Anatomy and Physiology II Midterm Study Guide
Anatomy and Physiology II Midterm Study Guide BIO 2223-001
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This 15 page Study Guide was uploaded by Stephanie Slawson on Monday January 18, 2016. The Study Guide belongs to BIO 2223-001 at Arkansas State University taught by Noelle Sanchez in Fall 2015. Since its upload, it has received 41 views. For similar materials see Human Anatomy and Physiology II in Biology at Arkansas State University.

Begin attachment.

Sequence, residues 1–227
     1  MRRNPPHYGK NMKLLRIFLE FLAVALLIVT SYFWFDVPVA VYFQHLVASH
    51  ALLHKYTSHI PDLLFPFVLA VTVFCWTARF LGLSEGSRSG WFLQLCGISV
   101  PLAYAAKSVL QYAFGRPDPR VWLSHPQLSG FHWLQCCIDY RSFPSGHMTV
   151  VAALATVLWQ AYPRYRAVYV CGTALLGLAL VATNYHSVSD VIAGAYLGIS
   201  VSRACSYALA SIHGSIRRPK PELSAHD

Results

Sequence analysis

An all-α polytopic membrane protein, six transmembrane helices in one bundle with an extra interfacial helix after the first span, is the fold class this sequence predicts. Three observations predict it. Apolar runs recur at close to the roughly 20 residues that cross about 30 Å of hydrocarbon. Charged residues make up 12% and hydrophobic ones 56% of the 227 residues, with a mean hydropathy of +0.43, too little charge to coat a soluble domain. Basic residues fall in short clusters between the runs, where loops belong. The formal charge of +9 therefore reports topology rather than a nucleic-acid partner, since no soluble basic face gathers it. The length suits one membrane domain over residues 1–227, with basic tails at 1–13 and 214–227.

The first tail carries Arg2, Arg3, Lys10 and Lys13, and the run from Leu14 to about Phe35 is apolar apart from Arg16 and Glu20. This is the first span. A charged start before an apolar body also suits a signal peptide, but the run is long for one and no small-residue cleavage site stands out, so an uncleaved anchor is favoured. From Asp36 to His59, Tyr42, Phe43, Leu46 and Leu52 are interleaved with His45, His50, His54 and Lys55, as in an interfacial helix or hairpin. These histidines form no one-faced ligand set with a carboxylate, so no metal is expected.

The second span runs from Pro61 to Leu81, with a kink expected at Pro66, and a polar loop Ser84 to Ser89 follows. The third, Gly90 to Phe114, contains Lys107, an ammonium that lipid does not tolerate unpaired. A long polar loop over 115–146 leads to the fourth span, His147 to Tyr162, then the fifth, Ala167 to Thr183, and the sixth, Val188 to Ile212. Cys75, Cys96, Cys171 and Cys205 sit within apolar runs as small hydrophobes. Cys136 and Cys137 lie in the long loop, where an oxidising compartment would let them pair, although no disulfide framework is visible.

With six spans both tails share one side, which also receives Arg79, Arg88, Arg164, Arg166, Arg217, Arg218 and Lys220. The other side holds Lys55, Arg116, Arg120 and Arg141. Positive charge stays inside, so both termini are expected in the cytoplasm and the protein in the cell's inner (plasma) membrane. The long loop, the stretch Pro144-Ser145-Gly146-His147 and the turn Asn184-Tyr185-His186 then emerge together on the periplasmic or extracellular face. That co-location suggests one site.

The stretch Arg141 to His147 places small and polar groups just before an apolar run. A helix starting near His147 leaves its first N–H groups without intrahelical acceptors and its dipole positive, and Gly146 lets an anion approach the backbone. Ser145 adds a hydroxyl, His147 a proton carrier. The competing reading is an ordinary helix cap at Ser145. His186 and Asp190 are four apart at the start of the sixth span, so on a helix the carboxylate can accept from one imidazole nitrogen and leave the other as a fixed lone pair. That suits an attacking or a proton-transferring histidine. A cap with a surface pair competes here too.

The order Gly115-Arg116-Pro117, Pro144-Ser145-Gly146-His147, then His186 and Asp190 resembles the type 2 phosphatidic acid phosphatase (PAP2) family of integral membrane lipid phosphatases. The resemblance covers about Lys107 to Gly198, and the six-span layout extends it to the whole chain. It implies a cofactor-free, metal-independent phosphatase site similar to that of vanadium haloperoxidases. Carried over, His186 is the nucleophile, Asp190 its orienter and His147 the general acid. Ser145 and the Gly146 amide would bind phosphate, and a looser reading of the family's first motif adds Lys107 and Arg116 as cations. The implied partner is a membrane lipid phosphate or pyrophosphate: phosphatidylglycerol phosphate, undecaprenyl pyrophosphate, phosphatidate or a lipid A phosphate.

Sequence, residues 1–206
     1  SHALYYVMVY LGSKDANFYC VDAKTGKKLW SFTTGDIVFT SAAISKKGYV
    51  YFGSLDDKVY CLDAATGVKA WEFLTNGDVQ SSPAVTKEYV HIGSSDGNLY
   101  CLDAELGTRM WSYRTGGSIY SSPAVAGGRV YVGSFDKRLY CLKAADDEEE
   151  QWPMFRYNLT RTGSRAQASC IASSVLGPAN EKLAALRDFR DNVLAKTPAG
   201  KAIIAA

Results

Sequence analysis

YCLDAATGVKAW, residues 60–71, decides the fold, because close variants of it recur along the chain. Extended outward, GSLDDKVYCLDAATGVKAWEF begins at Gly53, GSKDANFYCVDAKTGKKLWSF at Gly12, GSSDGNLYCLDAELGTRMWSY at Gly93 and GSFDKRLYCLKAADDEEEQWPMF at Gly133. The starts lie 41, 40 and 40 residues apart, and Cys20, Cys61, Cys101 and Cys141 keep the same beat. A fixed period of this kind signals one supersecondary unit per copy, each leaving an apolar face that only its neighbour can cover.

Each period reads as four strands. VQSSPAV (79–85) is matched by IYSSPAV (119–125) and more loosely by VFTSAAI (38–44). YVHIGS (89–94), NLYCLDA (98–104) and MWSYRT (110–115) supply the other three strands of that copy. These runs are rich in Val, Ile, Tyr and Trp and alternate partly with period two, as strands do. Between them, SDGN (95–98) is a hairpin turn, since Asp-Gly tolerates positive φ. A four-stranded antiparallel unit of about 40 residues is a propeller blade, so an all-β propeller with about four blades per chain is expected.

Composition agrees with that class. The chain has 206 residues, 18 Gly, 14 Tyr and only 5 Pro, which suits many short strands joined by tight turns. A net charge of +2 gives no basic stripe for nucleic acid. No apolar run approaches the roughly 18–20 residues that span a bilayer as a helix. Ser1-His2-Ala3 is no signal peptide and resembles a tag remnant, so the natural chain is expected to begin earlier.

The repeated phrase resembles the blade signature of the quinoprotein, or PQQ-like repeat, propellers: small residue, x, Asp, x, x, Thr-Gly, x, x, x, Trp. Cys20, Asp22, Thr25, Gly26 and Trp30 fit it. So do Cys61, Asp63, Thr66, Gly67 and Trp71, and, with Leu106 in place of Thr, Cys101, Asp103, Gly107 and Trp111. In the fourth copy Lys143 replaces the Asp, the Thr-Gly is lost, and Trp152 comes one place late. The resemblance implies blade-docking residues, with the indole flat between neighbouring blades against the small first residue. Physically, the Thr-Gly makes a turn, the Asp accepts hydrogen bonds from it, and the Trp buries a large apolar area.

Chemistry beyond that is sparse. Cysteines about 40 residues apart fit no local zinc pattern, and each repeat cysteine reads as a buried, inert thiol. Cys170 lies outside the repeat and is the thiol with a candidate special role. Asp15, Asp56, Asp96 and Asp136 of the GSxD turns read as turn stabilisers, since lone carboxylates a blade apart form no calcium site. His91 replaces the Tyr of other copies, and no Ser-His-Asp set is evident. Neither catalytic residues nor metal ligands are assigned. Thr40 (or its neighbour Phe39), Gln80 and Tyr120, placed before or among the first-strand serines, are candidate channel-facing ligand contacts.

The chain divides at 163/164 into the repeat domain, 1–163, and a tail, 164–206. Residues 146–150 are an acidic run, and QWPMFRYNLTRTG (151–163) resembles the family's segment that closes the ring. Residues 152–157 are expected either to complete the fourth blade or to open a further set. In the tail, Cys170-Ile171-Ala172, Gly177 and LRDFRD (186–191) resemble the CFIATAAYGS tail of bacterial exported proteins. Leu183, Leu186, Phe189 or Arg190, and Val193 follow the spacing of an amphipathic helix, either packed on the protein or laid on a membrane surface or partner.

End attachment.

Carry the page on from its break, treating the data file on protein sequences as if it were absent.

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Anatomy and Physiology II Study guide Chapter 16 What are stimuli? Change in a regulated variable; event that provokes a cellular response. Transducers? Device or organ designed to convert energy from one form to another; sensory receptors are considered transducers. Receptors? Components of the nervous system that provide us with information about our internal and external environment. What is a sensation? A stimulus that we are consciously aware of. Adaptation? Decrease in sensitivity to a continuous stimulus. Tonic receptors? Limited/slow adaptation to continuous stimuli (pain receptors). Phasic receptors? Rapid adaptation to a continuous stimuli (ex. deep pressure when sitting in a chair) Where are the receptors of the General Senses located? Throughout the body. Special senses? Only within the head. What are Exteroreceptors? Detect stimuli in the external environment. Interoreceptors? Detect stimuli within the body. Prorioreceptors? Detect stimuli within joints, skeletal muscle, and tendons that sense body or limb movement. What are Chemoreceptors? Detect chemicals dissolved in fluids. Thermoreceptors? Detect changes in temperature. Photoreceptors? Detect changes in light. Mechanoreceptors? Detect touch, pressure, vibrations, and stretch. Nociceptors? Detect painful stimuli. What are examples of general sense receptors? Somatic sensory receptors housed in the skin and mucous membranes (nasal cavity, oral cavity, vagina, anal canal). Visceral sensory receptors housed in the viscera (internal organs and blood vessels). What is referred pain? Pain sensed, not from the organ, but from an unrelated region of the body. Why does this occur? Many somatic and visceral sensory neurons conduct nerve signals on the same spinal tract so the somatosensory cortex is unable to accurately detect the source of the stimulus. Know the functional cell and tissue types of olfaction and gustation. Olfaction- Olfactory epithelium composed of olfactory receptor cells, supporting cells, basal cells; Olfactory glands are housed within the Lamina Propria; Olfactory hairs project from dendrites of olfactory receptor cells, axons of receptor cells form fascicles of the olfactory nerve and project through the cribriform plate to enter an olfactory bulb; Olfactory glomeruli are located within olfactory bulbs. Gustation- Papillae housed on surface of tongue (Filiform, Fungiform, Vallate, Foliate); Taste buds composed of gustatory cells, supporting cells, and basal cells; Dendrites of gustatory cells are composed of gustatory microvilli, which extend through a taste pore in the taste bud, up to the surface of the tongue. What are the accessory structures of the eye? Eyebrows, eyelids, palpebral canthi, lacrimal caruncle, eyelashes, conjunctiva, lacrimal apparatus (lacrimal gland, lacrimal puncta, lacrimal caruncle, lacrimal canaliculi, lacrimal sac, and nasolacrimal duct). What are the 3 tunics of the eye? Fibrous tunic, Vascular tunic, Retina. What are their functions? Fibrous- eye shape, protects internal components, extrinsic location site for muscle attachment. Vascular- houses blood vessels, lymph vessels, and intrinsic muscles of the eye. Retina- neural layer of the eye houses rods and cones Know the components of the retina. Optic disc (blind spot), macula lutea, fovea centralis located within the macula lutea, cones located within the fovea centralis, rods located in the peripheral retina. What are rods? Most numerous, located in peripheral retina, activated in dim lighting. Cones? Located in fovea centralis, high intense light, color recognition, visual sharpness. How do they differ? Rods are activated by low light but produce blurry images, cones are activated by high intensity lighting and produce a sharp image, arranged in different regions of the retina. What are photopigments? Specific molecules that absorb light and that are embedded within the plasma membrane of the outer segment of both rods and cones, composed of opsin and retinal. What are the causes of hyperopia? Short eyeball. Myopia? Long eyeball. What are the structures of the ear (outer, middle, and inner). Outer- Auricle, external auditory canal, tympanic membrane Middle- Tympanic cavity, auditory canal (Eustachian tube), auditory ossicles (malleus, incus, stapes) Inner- bony labyrinth, membranous labyrinth located within bony labyrinth, cochlea, cochlear duct, semicircular canals, semicircular ducts, vestibule, utricle and saccule contained within vestibule. What structures are involved in hearing? Cochlea Equilibrium? Vestibular apparatus (utricle, saccule, semicircular ducts) Chapter 17 What are the organs of the endocrine system? Hypothalamus, anterior and posterior pituitary gland, pineal gland, thyroid gland, parathyroid gland, thymus, pancreas, adrenal glands, ovaries, testes. How do hormones reach their target? Hormones are released from glands and are distributed into the blood where they then travel to their target cells. What are the functions of the endocrine system? Regulating growth, development, metabolism; maintaining homeostasis of blood composition and volume; controlling digestive processes; controlling reproductive activities Study table 17.2 this gives a great summary of the organs, hormones you will need to know for the exam TABLE 17.2 Endocrine Glands and Organs Containing Endocrine Cells Gland Hormone(s) Produced Primary Function(s) Hypothalamus Regulatory hormones Control release of hormones from anterior pituitary Hypothalamus Antidiuretic hormone (ADH) Stimulates both the kidneys to decrease urine output and (released from thirst center to increase fluid intake when the body is posterior pituitary) dehydrated; in high doses, ADH is a vasoconstrictor (thus, it is also called vasopressin) Oxytocin Contraction of smooth muscle of uterus; ejection of milk; increases feelings of emotional bonding between individuals Pituitary gland Thyroidstimulating hormone Stimulates thyroid gland to release thyroid hormone (anterior) Prolactin (PRL) Regulates mammary gland growth and breast milk production in females; may increase secretion of testosterone in males Folliclestimulating hormone (FSH) Controls development of both oocyte and ovarian follicle (spherical structure that houses an oocyte) within ovaries; controls development of sperm within testes Luteinizing hormone (LH) Induces ovulation of secondary oocyte from the ovarian follicle Controls testosterone synthesis within testes Adrenocorticotropic hormone (ACTH) Stimulates adrenal cortex to release corticosteroids (e.g., cortisol) Growth hormone (GH) Release of insulinlike growth factors (IGFs) from liver; GH and IGFs function synergistically to induce growth Pineal gland Melatonin Helps regulate the body's circadian rhythms (biological clock); functions in sexual maturation Thyroid gland Thyroid hormones: Increase metabolic rate of all cells; increase heat T3 (triiodothyronine) and production (calorigenic effect) T4 (tetraiodothyronine or thyroxine) Calcitonin Decreases blood calcium levels; most significant in children Parathyroid glands Parathyroid hormone (PTH) Increases blood calcium levels by stimulating both release of calcium from bone tissue and decrease loss of calcium in urine; causes formation of calcitriol hormone (a hormone that increases calcium absorption from small intestine) Thymus Thymosin, thymulin, thymopoietin Maturation of Tlymphocytes (a type of white blood cell or leukocyte) Adrenal cortex Mineralocorticoids (e.g., aldosterone) Regulate blood Na+ and K+ levels by decreasing the Na+ and increasing the K+ excreted in urine Glucocorticoids (e.g., cortisol) Participate in the stress response; increase nutrients (e.g., glucose) that are available in the blood Gonadocorticoids (e.g., Stimulate maturation and functioning of reproductive dehydroepiandrosterone[DHEA]) system Adrenal medulla Epinephrine (EPI) and norepinephrine Prolong effects of the sympathetic division of the (NE) autonomic nervous system Pancreas Insulin Decreases blood glucose levels Glucagon Increases blood glucose levels Testes (gonads) Testosterone Stimulates maturation and function of male reproductive system Inhibin Inhibits release of folliclestimulating hormone (FSH) from anterior pituitary Ovaries (gonads) Estrogen and progesterone Stimulates maturation and function of female reproductive system Inhibin Inhibits release of folliclestimulating hormone (FSH) from anterior pituitary Heart Atrial natriuretic peptide (ANP) Functions primarily to decrease blood pressure by stimulating both the kidneys to increase urine output and the blood vessels to dilate Kidneys Erythropoietin (EPO) Increases production of red blood cells (erythrocytes) Liver Angiotensinogen Converted by enzymes released from the kidney and within the inner lining of blood vessels to angiotensin II; increases blood pressure by causing vasoconstriction and decreasing urine output; stimulates thirst center Insulinlike growth factors (IGFs) Functions synergistically with growth hormone to regulate growth Erythropoietin (EPO) Increases production of red blood cells (erythrocytes); note that kidneys are the major producers of EPO Stomach Gastrin Facilitates digestion within stomach Small intestine Secretin Regulates digestion within small intestine by helping to maintain normal pH within small intestine Cholecystokinin (CCK) Regulates digestion within small intestine by facilitating digestion of nutrients within small intestine Skin Vitamin D3 Converted by enzymes of liver and kidney to calcitriol; functions synergistically with PTH and increases calcium absorption from small intestine Adipose connective Leptin Helps regulate food intake tissue Placenta Estrogen and progesterone Stimulates development of fetus; stimulates physical changes within mother associated with pregnancy including those in the uterus and mammary glands What are the different types of hormones? Steroids- lipid soluble and formed from cholesterol; Biogenic amines- water soluble and formed from modified amino acids; Proteins- water soluble and formed from amino acids. Local hormones? Large group of signaling hormones that do not circulate in the blood, released from the cell that produced them and bind with either that same cell or a neighboring cell. How do they differ from endocrine hormones? They do not circulate in the blood and are not released from ducts. How are hormones regulated? Hormone synthesis and elimination Ch. 18 What are the primary functions of blood? Erythrocytes transport respiratory gases in the blood, Leukocytes help defend the body against pathogens, Platelets help clot the blood and prevent blood loss from damaged vessels. What is the composition of blood? 55% Plasma, <1% Buffy coat (platelets and leukocytes), 44% Erythrocytes Know all the blood cell types, identifying features, and functions TABLE Characteristics of the Formed Elements 18.5 Formed Element Size Function Life Span Density (Diameter) (Average Number per mm3of Blood = μL) Erythrocytes 7.5 μm Transport ~120 days Females: ~4.8 oxygen and million Males: carbon ~5.4 million dioxide Leukocytes (e.g., neutrophils, 1.5 to 3 times Initiate Varies from 12 4500–11,000 eosinophils, basophils, monocytes, and larger than an immune hours lymphocytes) erythrocyte; response; (neutrophils) to 11.25–22.5 defend years μm against (lymphocytes) potentially harmful substances Platelets < ¼ the size Participate ~8–10 days 150,000–400,000 of an in erythrocyte; hemostasis ~2 μm What proteins are found in blood? Hemoglobin- transports oxygen and carbon dioxide What are the ABO blood types? What surface antigens are found on each? What antibodies are found in each serum? What is hemopoiesis? Formation and development of blood cells. Erythropoiesis? Formation of erythrocytes. Where does each of the processes occur? Hemopoiesis- red bone marrow primarily in axial skeleton; Erythropoiesis- forms from myeloid stem cell and eventually transforms into a reticulocyte, which then matures while circulating in the blood vessels. What is hemoglobin? Red-pigmented protein contained in erythrocytes. Its function? Transports oxygen and carbon dioxide. What is hemostasis? A stoppage of bleeding. Know the process of platelet plug formation. As chemicals are released, the following processes occur: Prolonged vascular spasms, attraction of other platelets, stimulation of coagulation, repair of the blood vessel. Chapter 19 What are the general functions of the heart? Transport blood throughout the body; allow adequate perfusion of all body tissues. What is the pericardium? The fibroserous sac in which the heart is located. What are the layers of the pericardium? Fibrous pericardium, parietal layer of the serous pericardium, visceral layer of the serous pericardium. What are the layers of the heart? Epicardium, myocardium, endocardium. What are the chambers of the heart? Right and left atria, right and left ventricles. What are AV valves? Right AV valve is the tricuspid valve. Left AV valve is the bicuspid/mitral valve. Where are they located? Located between right atria and right ventricle. Between left atria and left ventricle. Seminlunar valves? Pulmonary semilunar valve between the right ventricle and pulmonary artery. Aortic semilunar valve between the left ventricle and the aorta. Locations? Located between right ventricle and pulmonary artery. Between left ventricle and aorta. Know the major coronary vessels What is the SA node? “Pacemaker”, initiates heartbeat, located in posterior wall of the right atrium. Bundle fibers, purkinje fibers? Extend from right and left bundles, beginning at apex of heart and continue into the walls of the ventricles. Understand the conduction system of the heart. SA node, AV node, AV bundles, Purkinje Fibers. What is a RMP, AP? Resting membrane potential- electrical charge difference when the nodal cell is at rest; Understand the electrocardiogram. Electrical changes within the heart. What does the P wave, QRS, and T wave represent? P wave- atrial depolarization; QRS- ventricular depolarization; T wave- ventricular repolarization. Know the segments of the ECG and what they represent. The P-Q segment is associated with the atrial plateau at the sarcolemma when the cardiac muscle cells within the atria are contracting, and the S-T segment is the ventricular plateau when the cardiac muscle cells within the ventricles are contracting. What are the events of the cardiac cycle? What is HR, Stroke volume and cardiac output? HR- heart rate, number of beats per minute; Stroke volume-the volume of blood ejected during one beat and is expressed as milliliters per beat; Cardiac output-the amount of blood that is pumped by a single ventricle (left or right) in 1 minute and is typically expressed as liters per minute. How is cardiac output calculated? Heart rate multiplied by stroke volume. What factors can influence these measures? Size of heart, physical exercise Chapter 20 Know the three major types of blood vessels and their functions. Arteries- carry blood away from the heart; Capillaries- microscopic, relatively porous blood vessels for the exchange of substances between blood and tissues; Veins- drain blood from the capillaries, transporting it back to the heart. What are the 3 layers of the vessel wall? Tunic intima- innermost layer; Tunica media- middle layer; Tunica externa- external layer. Be able to understand the compositions of each layer What are the 3 types of arteries? Elastic arteries- largest type; Muscular arteries- distribute blood to specific areas of the body; Arterioles- smallest type. Capillaries? Continuous- most common, continuous lining around the lumen; Fenestrated- porous areas; Sinusoids- incomplete lining with large gaps. Veins? Venules- smallest type What is blood hydrostatic pressure? The force exerted per unit area by the blood as it presses against the vessel wall. Blood hydrostatic pressure promotes filtration from the capillary. Interstitial hydrostatic pressure? The force of the interstitial fluid on the external surface of the blood vessel. Net filtration pressure? The difference between the net hydrostatic pressure (difference between the blood and interstitial fluid hydrostatic pressures) and the net colloid osmotic pressure (difference between the blood and the interstitial fluid colloid osmotic pressures). What is bulk flow? The movement of large amounts of fluids and their dissolved substances in one direction down a pressure gradient. local blood flow? The blood delivered locally to the capillaries of a specific tissue and is measured in milliliters per minute. Perfusion? The specific amount of blood entering capillaries per unit time per gram of tissue What is arterial blood pressure? Blood flow is pulsing, or pulsatile, in arteries as a consequence of the ventricles contracting and relaxing. Systolic? The artery is maximally stretched during ventricular contraction. Diastolic? The vessel recoils no further, which occurs during ventricular relaxation. Pulse pressure? The additional pressure placed on the artery from when the heart is relaxing to when it is contracting. Mean arterial pressure? The average (or mean) measure of the blood pressure forces on the arteries. How is blood pressure regulated? Dependent upon three primary variables: cardiac output, resistance, and blood volume. Regulation of these variables is critical in maintaining homeostasis and occurs through short-term mechanisms of the nervous system, long-term mechanisms of the endocrine system, or both. Understand the characteristics of both pulmonary circulation and systemic circulation. Pulmonary- responsible for carrying deoxygenated blood from the right side of the heart to the lungs and then returning the newly oxygenated blood to the left side of the heart. Systemic- includes the pumping of blood by the left side of the heart to the systemic cells and the return of blood to the right side of the heart. Major vessels involved systemic circulation of the Head and Neck, Upper limbs, trunk, and lower limbs. Hepatic portal system what vessels are involved? Within the hepatic portal system, blood from the digestive organs drains into three main venous branches: 1. The splenic vein, a horizontally positioned vein 2. The inferior mesenteric vein, a vertically positioned vein 3. The superior mesenteric vein, another vertically positioned vein on the right side of the body Blood from all three of these drain into the hepatic portal vein, which drains blood to the liver. Some small veins, such as the left and right gastric veins, drain directly into the hepatic portal vein. What are key differences in fetal circulation vs. adult circulation? Oxygenated blood from the placenta enters the body of the fetus through the umbilical vein. The blood from the umbilical vein is shunted away from the liver and directly toward the inferior vena cava through the ductus venosus. Oxygenated blood in the ductus venosus mixes with deoxygenated blood in the inferior vena cava. Blood from the superior and inferior venae cavae empties into the right atrium. Because pressure is greater on the right side of the heart as compared to the left side, most of the blood is shunted from the right atrium to the left atrium via the foramen ovale. This blood flows into the left ventricle and then is pumped out through the aorta. A small amount of blood enters the right ventricle and pulmonary trunk, but much of this blood is shunted from the pulmonary trunk to the aorta through a vessel detour called the ductus arteriosus. Blood travels to the rest of the body, and the deoxygenated blood returns to the placenta through a pair of umbilical arteries. Nutrient and gas exchange occurs at the placenta, and the cycle repeats.